The Mountain Flock

By Hayduke27, Apr 16, 2013 | Updated: Jul 12, 2013 | | |
  1. Hayduke27
    DAY 1:

    I have wanted chickens for quite some time now, and just this spring finally had the epiphany that I might finally be old enough to undertake this project. I am a huge fan of watching all birds, and have always enjoyed putting bird feeders out to bring the wild birds into the yard. I've never been one to keep a songbird in a cage, but chickens make so much sense! If you provide them with a happy, healthy life, they will give you back happiness and healthy food. The idea seems so simple at first.

    I live in a place that has a moderate climate in the summer, with temperatures rarely getting as high as 90 degrees. However, our winters are quite harsh, and temperatures can get to -30 F and lower. We can also have weeks of temperatures below 0 F, and months below 32 F. Plans are in the works to have the coop winterized for minimal use of electric power. More on this to come. Needless to say, some serious thought is being put into this matter, and much reading is being done on BYC.

    I found a friend who was willing to take the leap with me, we got our brooders together and plugged in, and set out to buy chicks! We have a farmer within driving distance, and selected our chicks by hand. I had never heard of "chicken math" before I visited BYC, but I think I am starting to understand. We set out to buy 8 chickens and 3 ducks, and came home with 19 chickens total, 6 for her coop and 12 for mine (plus the one extra the farmer threw in for free. I can't remember what kind it is, and it is a straight run. This little one will be an adventure...).

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    The chicks have moved into their new homes and are doing nicely. This photo is taken from my brooder.

    Adventures in Raising Chicks (a.k.a.- Learning Things the Hard Way)-

    -When you read the helpful information in BYC telling you how to hang your heat lamps, don't try and take a short cut (ie-cheap rope strung over a hook vs. a nice chain hanging from the hook) just to save a little time because you are so darn excited. This is a good way to have a heat lamp fall right into your brooder.

    -As it turns out, heat lamps are quite hot, and when the bulb is exposed to pretty much anything cooler than itself, it will eplode into billions of pieces. Luckily, this lesson was learned before the chicks were in the brooder.

    -Chicks are very cute and some love to be held. Just because they love to be held doesn't stop them from pooping on you. Twice. Right before you leave for work.

    -Chicks are also very squirmy. Though it may seem a little mean to hold them a little more firmly when placing them back in the brooder, it's better than them jumping right out of your hand and taking a few bumps on the way down. I have a little girl who seems to be walking off her sore leg like a champion, my fingers are still crossed she stays as spunky as she is at the moment.

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    The final count comes to 3 Light Brahmas, 2 Rhode Island Reds, 2 Black Sex Links, 2 Cuckoo Morans, 1 Easter Egger, 1 Golden Seabrite, 1 Mille Fleur, and the mystery bird, who I just refer to as "The Rooster" (I am really hoping it turns out to be a hen, otherwise it may be adoption or soup for this little one). It's exciting to be taking the first steps in raising these cool birds. More updates to come.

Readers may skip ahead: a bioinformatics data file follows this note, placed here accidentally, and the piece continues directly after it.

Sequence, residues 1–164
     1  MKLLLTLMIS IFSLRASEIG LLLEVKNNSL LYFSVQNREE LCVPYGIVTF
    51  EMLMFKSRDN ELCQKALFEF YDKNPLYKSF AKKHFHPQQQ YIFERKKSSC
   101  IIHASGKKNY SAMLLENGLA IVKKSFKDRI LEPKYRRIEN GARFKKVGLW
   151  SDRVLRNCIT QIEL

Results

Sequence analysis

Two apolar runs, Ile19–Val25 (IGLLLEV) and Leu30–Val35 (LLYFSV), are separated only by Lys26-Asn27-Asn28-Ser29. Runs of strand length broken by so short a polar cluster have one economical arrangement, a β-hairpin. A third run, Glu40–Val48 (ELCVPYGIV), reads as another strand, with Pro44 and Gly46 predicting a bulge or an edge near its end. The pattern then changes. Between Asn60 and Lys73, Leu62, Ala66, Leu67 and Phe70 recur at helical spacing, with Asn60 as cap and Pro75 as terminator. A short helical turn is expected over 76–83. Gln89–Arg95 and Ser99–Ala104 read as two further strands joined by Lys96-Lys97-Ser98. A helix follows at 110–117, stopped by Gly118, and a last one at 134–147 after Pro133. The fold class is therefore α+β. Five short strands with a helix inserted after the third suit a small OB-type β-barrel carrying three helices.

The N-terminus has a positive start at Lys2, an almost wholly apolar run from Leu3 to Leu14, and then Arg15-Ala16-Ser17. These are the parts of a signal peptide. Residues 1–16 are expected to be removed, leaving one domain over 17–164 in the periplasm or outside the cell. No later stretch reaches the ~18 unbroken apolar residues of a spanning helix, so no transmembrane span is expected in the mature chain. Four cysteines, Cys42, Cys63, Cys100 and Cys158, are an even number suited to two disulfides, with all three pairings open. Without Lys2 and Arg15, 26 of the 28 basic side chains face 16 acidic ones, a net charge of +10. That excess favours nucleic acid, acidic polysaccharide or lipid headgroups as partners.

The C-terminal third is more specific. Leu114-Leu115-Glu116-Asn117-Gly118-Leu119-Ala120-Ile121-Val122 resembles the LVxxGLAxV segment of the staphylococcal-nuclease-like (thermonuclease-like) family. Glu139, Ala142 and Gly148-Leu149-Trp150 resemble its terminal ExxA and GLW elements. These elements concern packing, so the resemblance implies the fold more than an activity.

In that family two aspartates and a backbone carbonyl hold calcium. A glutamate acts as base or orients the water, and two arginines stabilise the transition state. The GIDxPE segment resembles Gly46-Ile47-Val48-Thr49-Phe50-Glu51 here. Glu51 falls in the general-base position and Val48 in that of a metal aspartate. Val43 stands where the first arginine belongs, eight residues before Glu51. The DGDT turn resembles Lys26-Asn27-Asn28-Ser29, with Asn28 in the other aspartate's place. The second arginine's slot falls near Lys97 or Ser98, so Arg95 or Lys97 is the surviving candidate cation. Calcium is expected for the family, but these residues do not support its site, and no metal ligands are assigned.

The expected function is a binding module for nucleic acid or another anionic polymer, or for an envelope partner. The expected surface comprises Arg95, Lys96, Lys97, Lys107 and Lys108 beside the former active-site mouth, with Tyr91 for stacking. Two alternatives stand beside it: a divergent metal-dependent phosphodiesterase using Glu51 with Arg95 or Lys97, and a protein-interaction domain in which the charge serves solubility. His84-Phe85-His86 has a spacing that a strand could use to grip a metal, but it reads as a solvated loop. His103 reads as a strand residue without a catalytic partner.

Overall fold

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    WEEK 1:

    Ok, so I know this may be jumping the gun a little, but I decided to give the little buggers a couple of mealworms this morning. First I gave them some sand that I took the precaution of rinsing first. They went crazy playing and pecking in the sand. I then took 2 mealworms, one at a time, pinched the heads off (I've read the heads are not good for chicks), and offered them to the chicks. The first brave soul to venture to my hand and grab the worm from it would then squeak and squeak and run circles all around the brooder, getting everybody to chase her. Very funny. As they get older, I will be a sucker for giving them treats!

    I took a few pictures of my mystery chick (a.k.a.-The Rooster). I was told it looks a bit like a Bantam, possibly an Old English, and it does seem like that's the pen from which it was pulled. Anyway, still hoping The Rooster is a hen.


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    2 WEEKS:

    Outdoor adventure! Most of my chicks are right about 2 weeks old, minus one or two that look to be a little older. Yesterday we had great weather, and I decided it was time to let everybody out for a rumble in the dirt and grass. I made myself an open-top-and-bottom box, and found a nice place in the yard to place it. I then transported the entire flock up and let them into the box. Their first impression of the outdoors was that it was very very bright (they live in a basement under the red heat lamp at the moment). They also noticed that there were a ton of other birds chirping. After about 5-10 minutes, they settled in, and began the pech and scratch routine. I dug a few worms out of the garden and added them to the box, leading to more antics in the form of chase and tug-o-war. A few of the chicks discovered the loose dirt, and after some work scratching and making some dust, they began to take dust baths. One of them was getting so enthusiastic, laying on her side while kicking and closing her eyes, then just laying still in the sun, that I had to poke her to make sure she was not having a seizure. All was well, and it was spasms of pure pleasure. Others joined it, and soon I had a dozen dirty chicks. I took them back inside after about 90 minutes, and everyone immeditely went to sleep. Tired chicks! Here are a couple of pics.